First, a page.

We had just sat down to have our supper when there was a knock at the door. Ma opened the door. She came back with our neighbour Mumtaz uncle’s wife and an old lady, who had worn an overly faded cotton saree that would have been white before getting exposed to coalfield air. Close to our colony of well-paid Coal India staff was a poor Muslim village, and the women there either assisted their husbands in stealing coal from mines (in very dangerous conditions) or used to work in our colony as maids. But this woman was too old to work as a maid!
Turned out she was not here to ask for work. Instead she stayed in our colony and was wife of a now deceased Coal India employee. So, how come she had fallen to this state?
Time for the woman’s story, who we later addressed as Dadi.
Abdul Sattar Khan had four wives. One divorced him and two died. Dadi was the second and the most favourite wife. However, it was the fourth wife who bore him a daughter before dying during childbirth. Care for the child, Shama, fell in Dadi’s hands, which she carried out as well as her real mother. In Shama’s sixteenth year, her father died one night. That fateful night, as he was returning home from the colliery, making a short stop at a country wine shop, he was hit by a speeding truck. The mother-daughter duo was still in mourning when they heard another bad news.
As Sattar Khan had died during office timings (officials decided to ignore for a pricehis detour to the wine shop), his job would go to someone in his family. Sattar Khan was survived by his wife and daughter. However, the job fell in the hands of another woman, Yashmin (again with the help from the officials). When the couple was childless, they had come to treat Yashmin, a relative’s daughter, as their own. Even when they had their own child, they continued to treat her in much the same way, also making all arrangements for her marriage. Yashmin paid for all the love in this manner. She had her reasons. Her husband was not doing very well in his carpenter’s job. She, along with some officials, managed to transfer the job to her. As Dadi was illiterate, she had unknowingly put her thumb impression at all the right places. So now the job that should lawfully been hers, was of another.
To get the job back, she wanted assistance from father. Papa was in the Personnel Department and Dadi had been assured that he would help.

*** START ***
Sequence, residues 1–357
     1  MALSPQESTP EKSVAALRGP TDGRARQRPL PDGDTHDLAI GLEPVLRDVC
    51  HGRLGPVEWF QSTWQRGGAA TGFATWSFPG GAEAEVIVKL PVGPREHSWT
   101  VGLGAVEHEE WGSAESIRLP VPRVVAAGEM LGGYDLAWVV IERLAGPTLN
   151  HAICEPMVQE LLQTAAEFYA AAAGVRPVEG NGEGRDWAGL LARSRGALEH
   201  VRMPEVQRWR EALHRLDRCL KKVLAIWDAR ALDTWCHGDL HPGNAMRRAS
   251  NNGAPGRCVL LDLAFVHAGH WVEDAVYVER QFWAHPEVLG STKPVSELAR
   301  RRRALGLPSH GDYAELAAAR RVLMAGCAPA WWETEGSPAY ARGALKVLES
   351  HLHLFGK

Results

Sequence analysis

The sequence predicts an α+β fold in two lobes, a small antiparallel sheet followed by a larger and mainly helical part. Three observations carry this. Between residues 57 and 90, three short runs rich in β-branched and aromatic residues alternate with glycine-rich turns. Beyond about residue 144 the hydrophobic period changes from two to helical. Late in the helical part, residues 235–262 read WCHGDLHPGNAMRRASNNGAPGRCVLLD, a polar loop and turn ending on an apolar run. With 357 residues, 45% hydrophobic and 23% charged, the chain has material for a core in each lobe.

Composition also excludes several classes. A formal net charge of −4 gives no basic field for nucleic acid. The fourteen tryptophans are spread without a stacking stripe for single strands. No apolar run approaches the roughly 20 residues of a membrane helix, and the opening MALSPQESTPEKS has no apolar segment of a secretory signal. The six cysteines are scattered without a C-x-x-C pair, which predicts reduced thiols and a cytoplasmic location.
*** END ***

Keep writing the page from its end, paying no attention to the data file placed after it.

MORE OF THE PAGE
Papa helped. After much paperwork, it was finally proved that Yashmin had unlawfully taken what was due to Dadi and her daughter. By the time, the order for return of job arrived, Shama had already become a major and there was no problem in her taking up the job.
But the story doesn’t end here. Unlike movies where the climax is generally happy or sad, life has a series of climaxes, alternating between happy and sad.
Shama joined Coal India as a guard. The mother-daughter duo started to live happily. There were more things to think now apart from how to arrange for the day’sfood. One of the most important things to do was to marry Shama.
“There will be many people who will want to marry your daughter just for her money”, father cautioned Dadi.
“She has struggled a lot to get you in the place that you are now. Always take care of your mother”, he advised Shama.
However, this daughter too was to pay back for Dadi’s love in much the same way as Yashmin. Shama got married, to an unemployed man. He used to work as a fitter, but he left that job after marriage. They bore three children – two boys and one girl. It was Dadi’s responsibility to take care of them, plus do all the house chores while Shama was at her job. She did it all. They were her daughter’s children – isn’t interest dearer than principal? Despite this, the attitude of Shama and her husband was not good towards her. He used to drink and beat them all, even Shama. But they made out soon. They relationship between husband and wife is such. But there is no place for a mother – only as a caretaker for children when they are away to make their careers. Now even Shama used to beat her.
Dadi died unusually late, at the age of seventy. People didn’t feel sorry for her death. They had wished for her death for long; at least she would be relieved of the suffering.
Only the children were by her side on the day of her death. Shama was working. Her husband was out playing card.